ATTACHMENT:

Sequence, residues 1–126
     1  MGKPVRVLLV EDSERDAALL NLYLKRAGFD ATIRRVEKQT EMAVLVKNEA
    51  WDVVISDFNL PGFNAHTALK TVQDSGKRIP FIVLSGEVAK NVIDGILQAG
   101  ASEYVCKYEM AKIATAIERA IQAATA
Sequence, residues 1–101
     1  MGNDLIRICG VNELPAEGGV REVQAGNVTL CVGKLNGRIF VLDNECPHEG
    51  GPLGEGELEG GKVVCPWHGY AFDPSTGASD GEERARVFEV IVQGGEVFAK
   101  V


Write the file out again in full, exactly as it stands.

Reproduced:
Sequence, residues 1–126
     1  MGKPVRVLLV EDSERDAALL NLYLKRAGFD ATIRRVEKQT EMAVLVKNEA
    51  WDVVISDFNL PGFNAHTALK TVQDSGKRIP FIVLSGEVAK NVIDGILQAG
   101  ASEYVCKYEM AKIATAIERA IQAATA
Sequence, residues 1–101
     1  MGNDLIRICG VNELPAEGGV REVQAGNVTL CVGKLNGRIF VLDNECPHEG
    51  GPLGEGELEG GKVVCPWHGY AFDPSTGASD GEERARVFEV IVQGGEVFAK
   101  V